Hongkongers will have a chance to own a part of an 80-year-old New York landmark, the One Wall Street building, when 566 residential units in the refurbished 50-storey skyscraper are offered to buyers in the city this weekend.
The art deco building, located at the intersection of Wall Street and Broadway, used to be the headquarters of Irving Trust Company and Bank of New York, and the redesign is expected to be completed in 2020. The sales roadshow will move on to Shanghai, Beijing and Shenzhen after Hong Kong, while US sales will kick off in September.
The smallest unit on offer would be a studio of 688 square feet, which would sell for US$960,000. That would equate to about HK$10,901 (US$1,388) per square foot, much cheaper than the average HK$17,549 per square foot price of a similar size flat on Hong Kong Island, and even less than the average HK$11,736 per square foot in Hong Kong’s cheapest area, the New Territories.
The largest unit would be 3,000 square feet. Buyers would find themselves living in an area that is fast transforming as start-ups and creative industries move in, bringing with them a younger set of residents and the services to match. The number of residents in the area has tripled in the past 20 years.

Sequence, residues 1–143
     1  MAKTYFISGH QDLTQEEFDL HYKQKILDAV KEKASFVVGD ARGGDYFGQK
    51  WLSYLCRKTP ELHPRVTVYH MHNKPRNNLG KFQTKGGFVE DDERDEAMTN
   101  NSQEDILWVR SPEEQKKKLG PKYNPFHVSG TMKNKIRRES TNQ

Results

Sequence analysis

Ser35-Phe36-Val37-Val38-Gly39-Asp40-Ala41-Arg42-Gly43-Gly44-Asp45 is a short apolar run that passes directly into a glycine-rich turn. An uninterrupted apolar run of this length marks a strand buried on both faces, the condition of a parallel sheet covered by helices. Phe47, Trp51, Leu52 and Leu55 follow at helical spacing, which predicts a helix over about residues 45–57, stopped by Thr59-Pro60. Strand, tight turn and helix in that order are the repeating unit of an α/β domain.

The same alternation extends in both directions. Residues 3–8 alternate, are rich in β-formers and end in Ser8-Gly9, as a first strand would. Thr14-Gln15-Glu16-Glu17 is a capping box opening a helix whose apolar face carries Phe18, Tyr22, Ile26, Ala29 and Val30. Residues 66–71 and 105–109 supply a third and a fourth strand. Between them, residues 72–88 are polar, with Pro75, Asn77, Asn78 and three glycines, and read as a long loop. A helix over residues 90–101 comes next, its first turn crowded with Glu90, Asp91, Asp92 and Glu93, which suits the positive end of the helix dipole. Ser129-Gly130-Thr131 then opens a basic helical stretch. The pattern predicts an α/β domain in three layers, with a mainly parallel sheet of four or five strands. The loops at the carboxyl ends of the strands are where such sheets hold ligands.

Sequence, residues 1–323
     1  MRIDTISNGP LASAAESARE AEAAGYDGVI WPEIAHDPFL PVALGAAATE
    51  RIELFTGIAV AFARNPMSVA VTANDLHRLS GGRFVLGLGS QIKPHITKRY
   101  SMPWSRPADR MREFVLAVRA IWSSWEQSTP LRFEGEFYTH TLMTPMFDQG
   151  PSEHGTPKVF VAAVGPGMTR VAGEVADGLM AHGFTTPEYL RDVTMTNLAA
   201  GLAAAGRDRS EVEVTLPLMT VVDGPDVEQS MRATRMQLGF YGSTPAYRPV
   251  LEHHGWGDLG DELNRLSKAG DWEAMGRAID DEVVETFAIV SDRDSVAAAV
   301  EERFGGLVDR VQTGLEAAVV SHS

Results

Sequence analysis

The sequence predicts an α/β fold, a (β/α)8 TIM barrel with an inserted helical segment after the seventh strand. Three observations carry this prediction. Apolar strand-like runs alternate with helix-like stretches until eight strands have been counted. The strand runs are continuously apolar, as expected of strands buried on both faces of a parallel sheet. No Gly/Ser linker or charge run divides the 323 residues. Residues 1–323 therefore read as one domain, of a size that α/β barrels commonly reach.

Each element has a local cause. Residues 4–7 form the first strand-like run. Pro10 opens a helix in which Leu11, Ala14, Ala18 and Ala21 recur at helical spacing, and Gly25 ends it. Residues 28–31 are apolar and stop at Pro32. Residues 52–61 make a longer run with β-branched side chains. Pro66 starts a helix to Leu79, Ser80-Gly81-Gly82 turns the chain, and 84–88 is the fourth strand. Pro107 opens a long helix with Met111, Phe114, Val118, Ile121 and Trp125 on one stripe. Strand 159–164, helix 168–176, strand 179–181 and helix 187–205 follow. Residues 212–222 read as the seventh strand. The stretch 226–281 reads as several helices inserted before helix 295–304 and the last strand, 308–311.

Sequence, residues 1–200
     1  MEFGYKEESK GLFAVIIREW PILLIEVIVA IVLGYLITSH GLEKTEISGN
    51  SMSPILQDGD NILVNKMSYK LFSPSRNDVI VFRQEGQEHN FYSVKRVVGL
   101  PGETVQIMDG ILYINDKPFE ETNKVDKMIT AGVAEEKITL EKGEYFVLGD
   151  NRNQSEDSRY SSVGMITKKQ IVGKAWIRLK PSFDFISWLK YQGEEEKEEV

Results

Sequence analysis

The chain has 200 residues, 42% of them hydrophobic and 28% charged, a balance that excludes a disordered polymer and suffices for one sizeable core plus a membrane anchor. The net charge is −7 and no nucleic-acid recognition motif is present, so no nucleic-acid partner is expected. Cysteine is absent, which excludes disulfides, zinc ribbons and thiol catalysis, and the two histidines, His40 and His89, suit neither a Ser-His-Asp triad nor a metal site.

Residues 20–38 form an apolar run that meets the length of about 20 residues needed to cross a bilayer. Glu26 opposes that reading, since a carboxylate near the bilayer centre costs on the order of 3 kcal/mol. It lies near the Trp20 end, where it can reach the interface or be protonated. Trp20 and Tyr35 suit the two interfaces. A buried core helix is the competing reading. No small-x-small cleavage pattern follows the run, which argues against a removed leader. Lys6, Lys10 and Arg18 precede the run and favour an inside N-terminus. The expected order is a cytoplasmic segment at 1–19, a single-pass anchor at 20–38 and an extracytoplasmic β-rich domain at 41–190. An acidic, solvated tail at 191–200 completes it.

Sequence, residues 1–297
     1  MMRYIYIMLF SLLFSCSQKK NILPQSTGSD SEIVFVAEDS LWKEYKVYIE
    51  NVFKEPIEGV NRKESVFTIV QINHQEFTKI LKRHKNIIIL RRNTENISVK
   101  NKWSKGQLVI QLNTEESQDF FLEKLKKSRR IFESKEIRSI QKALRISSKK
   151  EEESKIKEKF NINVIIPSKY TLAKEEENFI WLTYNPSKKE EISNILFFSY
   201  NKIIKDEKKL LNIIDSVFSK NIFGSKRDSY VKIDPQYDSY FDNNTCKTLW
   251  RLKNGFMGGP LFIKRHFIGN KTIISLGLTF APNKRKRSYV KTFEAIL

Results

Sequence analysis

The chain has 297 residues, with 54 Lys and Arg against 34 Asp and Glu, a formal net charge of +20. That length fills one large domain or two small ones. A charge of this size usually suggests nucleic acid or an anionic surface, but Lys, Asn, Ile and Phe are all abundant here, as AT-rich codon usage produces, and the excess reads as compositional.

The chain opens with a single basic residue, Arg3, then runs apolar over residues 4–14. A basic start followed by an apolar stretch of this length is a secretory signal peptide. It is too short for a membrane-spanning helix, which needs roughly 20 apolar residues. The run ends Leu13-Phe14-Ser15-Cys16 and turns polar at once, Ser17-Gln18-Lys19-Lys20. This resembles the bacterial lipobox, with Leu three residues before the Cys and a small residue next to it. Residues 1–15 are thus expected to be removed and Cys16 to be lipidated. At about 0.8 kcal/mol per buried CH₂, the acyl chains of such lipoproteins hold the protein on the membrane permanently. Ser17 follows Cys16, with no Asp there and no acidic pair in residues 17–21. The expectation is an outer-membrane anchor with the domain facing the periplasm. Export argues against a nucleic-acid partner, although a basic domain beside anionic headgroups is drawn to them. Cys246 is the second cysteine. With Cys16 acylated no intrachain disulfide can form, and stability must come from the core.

“Ten years ago, if you wanted to go to a grocery store downtown, there were few options, and if you wanted to go to a good restaurant, you would have to walk a bit further to uptown. Now it has changed as the amenities have come to the neighbourhood,” said Shaun Osher, chief executive officer and founder of CORE, a real estate brokerage in New York, during a visit to Hong Kong for the sales roadshow.
While the area is more associated with traditional finance companies, many have relocated to offices elsewhere in the city as rents rise. Deutsche Bank is the latest, announcing on Friday that it would shift its New York headquarters from Wall Street to a location in midtown Manhattan.
“Financial services companies want big plain-vanilla space, higher floor to floor, wider column spacing, to utilise less floor area per employee, while companies in technology, media, advertising and information move into these old buildings as they are looking for space that are with more historical fabric, with great character and attractive older features,” said Chris Brill-Edwards, executive vice-president of development at Macklowe Properties, the developer of the One Wall Street project.
Examples of the new type of tenants in the area include co-working space company WeWork and streaming music provider Spotify, who have been joined by top luxury goods brands including Hermes and Tiffany as well as by restaurants, boutiques and fitness studios.